Here’s how decision management simplifies process management

April 2, 2009
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Checking out some articles on the Business Rules Community I saw a great illustration of making processes simpler and more agile with decision management. In How Business Rules Define Business Processes (free registration required), Jan Vanthienen and Stijn Goedertier give some nice examples of how standard business process notation, with its abject failure to model decisions properly, can get you in trouble.

I have blogged about this before when I discussed focusing on the diamonds in your process, but Jan and Stijn have a nice worked example. Take a look at this:


In the left hand example the designers are trying to use the usual BPM branching constructs to pick a path through the process. It ALMOST looks like it would work but all it would take is a few more options and it would melt down into the kind of spaghetti BPM definitions that are becoming the next generation of legacy applications. On the right, the decision is made more clear and a decision service is defined to capture the rules, and perhaps the analytics, to be used in the decision making.

Smarter, simpler and more agile – the title of my upcoming presentation at IBM’s IMPACT show for those of you attending.

Ref: Jan Va


Checking out some articles on the Business Rules Community I saw a great illustration of making processes simpler and more agile with decision management. In How Business Rules Define Business Processes (free registration required), Jan Vanthienen and Stijn Goedertier give some nice examples of how standard business process notation, with its abject failure to model decisions properly, can get you in trouble.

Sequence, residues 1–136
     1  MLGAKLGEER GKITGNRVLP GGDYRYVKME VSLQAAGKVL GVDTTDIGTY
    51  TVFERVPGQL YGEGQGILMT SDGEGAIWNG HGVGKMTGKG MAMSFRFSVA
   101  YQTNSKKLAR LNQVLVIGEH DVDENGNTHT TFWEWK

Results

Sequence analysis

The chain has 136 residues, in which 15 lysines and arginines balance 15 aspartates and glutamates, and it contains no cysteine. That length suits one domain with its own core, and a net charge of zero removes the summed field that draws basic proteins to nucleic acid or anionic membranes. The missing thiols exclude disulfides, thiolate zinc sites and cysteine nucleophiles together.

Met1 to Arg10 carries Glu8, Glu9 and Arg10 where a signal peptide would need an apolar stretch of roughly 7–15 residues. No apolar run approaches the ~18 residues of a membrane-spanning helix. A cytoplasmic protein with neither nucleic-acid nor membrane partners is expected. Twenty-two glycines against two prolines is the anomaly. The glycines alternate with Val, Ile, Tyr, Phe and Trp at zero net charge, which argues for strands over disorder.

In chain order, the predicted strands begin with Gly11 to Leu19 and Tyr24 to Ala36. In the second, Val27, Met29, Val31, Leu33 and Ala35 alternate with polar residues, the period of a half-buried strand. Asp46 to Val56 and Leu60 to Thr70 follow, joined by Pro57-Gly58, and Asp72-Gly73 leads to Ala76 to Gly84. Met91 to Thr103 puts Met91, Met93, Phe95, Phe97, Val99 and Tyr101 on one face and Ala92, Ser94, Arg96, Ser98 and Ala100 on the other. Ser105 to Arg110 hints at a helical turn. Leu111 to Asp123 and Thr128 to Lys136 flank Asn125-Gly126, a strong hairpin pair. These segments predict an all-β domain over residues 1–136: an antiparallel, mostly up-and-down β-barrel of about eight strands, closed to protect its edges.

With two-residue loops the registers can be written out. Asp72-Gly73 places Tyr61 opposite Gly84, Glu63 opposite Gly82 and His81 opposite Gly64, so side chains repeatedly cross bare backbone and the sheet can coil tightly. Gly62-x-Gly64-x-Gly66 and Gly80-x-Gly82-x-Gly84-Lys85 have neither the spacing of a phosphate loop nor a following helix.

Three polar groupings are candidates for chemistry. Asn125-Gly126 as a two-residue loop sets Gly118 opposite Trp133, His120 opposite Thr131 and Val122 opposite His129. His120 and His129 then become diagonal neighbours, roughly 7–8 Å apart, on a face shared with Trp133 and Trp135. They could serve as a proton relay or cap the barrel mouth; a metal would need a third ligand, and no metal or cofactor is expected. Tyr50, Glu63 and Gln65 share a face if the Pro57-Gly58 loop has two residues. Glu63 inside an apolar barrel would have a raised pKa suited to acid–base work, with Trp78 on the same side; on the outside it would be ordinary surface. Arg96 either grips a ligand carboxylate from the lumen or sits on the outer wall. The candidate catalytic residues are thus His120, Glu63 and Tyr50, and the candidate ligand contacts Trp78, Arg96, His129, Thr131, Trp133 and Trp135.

I have blogged about this before when I discussed focusing on the diamonds in your process, but Jan and Stijn have a nice worked example. Take a look at this:


In the left hand example the designers are trying to use the usual BPM branching constructs to pick a path through the process. It ALMOST looks like it would work but all it would take is a few more options and it would melt down into the kind of spaghetti BPM definitions that are becoming the next generation of legacy applications. On the right, the decision is made more clear and a decision service is defined to capture the rules, and perhaps the analytics, to be used in the decision making.

Smarter, simpler and more agile – the title of my upcoming presentation at IBM’s IMPACT show for those of you attending.

Ref: Jan Vanthienen and Stijn Goedertier, “How Business Rules Define Business Processes,” Business Rules Journal, Vol. 8, No. 3 (March 2007), URL: http://www.BRCommunity.com/a2007/b336.html


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